George Washington Papers

To George Washington from Elizabeth Barbara Embry, 28 January 1794

From Elizabeth Barbara Embry

28 Jan. 1794. Writes from Cork County, Ireland: “The Protector of the distressed, the Arbiter of differences will He disdain the Sufferings of an individual. penetrated with esteem of your Excellent qualities, and hoping relief from a beneficence so extensive, and an understanding So piercing as that of your Excellency’s, for which you are not more famed than for a moderation, which makes you ⟨illegible⟩ all your great and astonishing talents with a Meakness as admirable, as surprizing, I am incouraged to address you.” Gives a detailed account of her son who “early distinguished Himself in His literary pursuits, and not less for a probity, and love of truth, that made him respectable. . . . At seventeen His ardour for distinguishing himself became almost ungovernable. . . . At the age of Eighteen, He had passed through all our College Courses,” and sets out on a tour of Europe, because a “certain ease, and Manner, was wanting to him, that is seldom possessed without mixing in the World—He had been wholly taken up with forming himself on the great examples he met with in Story. He was unsuspecting, modest, preferring others to him self, Brave by Nature, warm, ambitious, but it was the ambition of meriting distinction. It took the place of other Youthful passions, never did I see a Being more free from sin, or more truly religious, without any tincture of Fanaticism.” His traveling companion, however, was acquainted “with every vice of which the human heart is capable, it was A World of Wonders for My Son, of which till this moment He had been ignorant.” As a result, “His mind no longer preserved its steadiness. Something puting a Stop to their travells together, My Son returned to me directly, all his plans broken, his Spirits extremely hurt. . . . All my efforts were ineffectual, his Spirits were fled, and at last his health became a prey to disappointment, and indolence.” By this time he had “become of age,” and was responsible for an estate in Ireland, which had fallen into ruin. “He was cheated, and hated a World in which He found so much fraud, and injustice. He sequestred Himself from it, he began to consider it as a Duty to manage his little patrimony to the best advantage, but the accomplishment of this did not satisfy Him it was too bounded, his education had been extensive. he had endeavoured to form Him self for matters of ⟨extent⟩, of universal good, He sunk in the mention of little things. . . . I find Him pale, languid, and tho’ not thirty Years of age, His fine person stooped as if he were Seventy, his appetite gone, His Strength wasted. . . . He is convinced that neither his present employment, nor the air of this place agrees with him, Yet afraid to change for fear of worse. I know not what to do with him, or how to quit him for a moment. I have pressed his trying the air of a little Villa, I have near Dublin, His answer is, he must be Employed, or nothing is done. I alledge his Health must first be attended to, he answers Employment is as necessary as any thing else to the establishment of his health. if it is ever to be restablished.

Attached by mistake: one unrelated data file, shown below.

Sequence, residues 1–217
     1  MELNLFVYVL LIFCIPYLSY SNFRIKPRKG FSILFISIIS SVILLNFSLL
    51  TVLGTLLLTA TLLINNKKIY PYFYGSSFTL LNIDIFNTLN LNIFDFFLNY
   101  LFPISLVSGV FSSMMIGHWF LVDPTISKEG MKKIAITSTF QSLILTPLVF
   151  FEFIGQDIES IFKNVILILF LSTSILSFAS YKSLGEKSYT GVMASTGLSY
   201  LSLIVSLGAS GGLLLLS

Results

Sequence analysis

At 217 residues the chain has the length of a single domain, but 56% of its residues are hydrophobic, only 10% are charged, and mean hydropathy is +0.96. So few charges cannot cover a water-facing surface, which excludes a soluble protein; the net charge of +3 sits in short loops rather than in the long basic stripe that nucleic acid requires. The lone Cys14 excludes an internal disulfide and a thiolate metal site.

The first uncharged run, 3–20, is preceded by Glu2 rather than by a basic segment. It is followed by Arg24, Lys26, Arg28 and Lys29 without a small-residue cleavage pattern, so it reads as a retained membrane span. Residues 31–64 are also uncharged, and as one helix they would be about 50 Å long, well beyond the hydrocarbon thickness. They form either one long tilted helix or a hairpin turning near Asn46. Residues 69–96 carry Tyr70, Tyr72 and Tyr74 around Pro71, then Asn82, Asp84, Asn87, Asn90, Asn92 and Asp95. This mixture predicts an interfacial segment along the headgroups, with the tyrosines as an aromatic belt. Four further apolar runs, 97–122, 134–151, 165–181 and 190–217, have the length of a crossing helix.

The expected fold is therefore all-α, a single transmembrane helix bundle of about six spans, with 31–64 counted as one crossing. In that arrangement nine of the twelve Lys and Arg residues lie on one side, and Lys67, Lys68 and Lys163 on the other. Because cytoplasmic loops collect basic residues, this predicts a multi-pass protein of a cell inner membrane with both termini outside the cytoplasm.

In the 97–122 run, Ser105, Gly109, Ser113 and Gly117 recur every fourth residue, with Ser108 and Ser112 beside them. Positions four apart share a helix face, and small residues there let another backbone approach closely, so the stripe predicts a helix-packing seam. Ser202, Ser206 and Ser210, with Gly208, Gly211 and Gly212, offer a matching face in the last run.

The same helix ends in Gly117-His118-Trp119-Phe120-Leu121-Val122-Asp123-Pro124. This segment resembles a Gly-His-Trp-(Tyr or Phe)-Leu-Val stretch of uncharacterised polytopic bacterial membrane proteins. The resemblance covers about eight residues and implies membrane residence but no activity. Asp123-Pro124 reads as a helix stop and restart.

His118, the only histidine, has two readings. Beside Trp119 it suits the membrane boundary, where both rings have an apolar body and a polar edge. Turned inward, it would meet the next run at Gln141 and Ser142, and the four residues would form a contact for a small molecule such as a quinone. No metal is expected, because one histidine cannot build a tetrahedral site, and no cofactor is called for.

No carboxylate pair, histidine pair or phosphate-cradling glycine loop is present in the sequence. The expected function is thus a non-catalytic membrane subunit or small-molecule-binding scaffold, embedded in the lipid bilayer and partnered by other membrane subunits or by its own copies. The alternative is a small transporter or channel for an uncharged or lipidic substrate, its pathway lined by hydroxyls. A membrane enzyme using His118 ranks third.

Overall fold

“His admiration of you Sir, is great as Your qualities deserve He looks up to you as the first of Men, A word from Your Excellency might be the Means with the Blessing of Heaven of saving this inestimable Young Man and of making the widowed heart to sing for joy. Will this induce You Sir, to relieve me by Your Advice or if that is too much to hope, at least May I flatter My self You will pardon My taking up time so precious to the World with my cares and Miserys. . . . If Your Excellency shoud honor me with a line My address is Mrs Embry Inchannappa Wicklow Ireland.” 1

ALS, DNA: RG 59, Miscellaneous Letters.

1Inchanappa is a country house in the parish of Inch, Arklow Barony of Wicklow County.

On 27 June, Secretary of State Edmund Randolph wrote Embry at GW’s request, acknowledging this letter and expressing his sympathy before continuing: “it being impossible to promise to him the kind of employment in the United States, which he seems to wish, it is incumbent on my candor to say this to you explicitly. At the same time I may assure you, that our country abounds in liberty and hospitality” (DNA: RG 59, Diplomatic and Consular Instructions).

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